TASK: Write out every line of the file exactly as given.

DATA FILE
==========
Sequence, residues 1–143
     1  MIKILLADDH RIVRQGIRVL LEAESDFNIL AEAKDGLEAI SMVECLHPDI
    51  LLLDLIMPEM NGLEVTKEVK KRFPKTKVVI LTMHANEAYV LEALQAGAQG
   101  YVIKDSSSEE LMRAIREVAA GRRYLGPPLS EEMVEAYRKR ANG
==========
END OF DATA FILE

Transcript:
Sequence, residues 1–143
     1  MIKILLADDH RIVRQGIRVL LEAESDFNIL AEAKDGLEAI SMVECLHPDI
    51  LLLDLIMPEM NGLEVTKEVK KRFPKTKVVI LTMHANEAYV LEALQAGAQG
   101  YVIKDSSSEE LMRAIREVAA GRRYLGPPLS EEMVEAYRKR ANG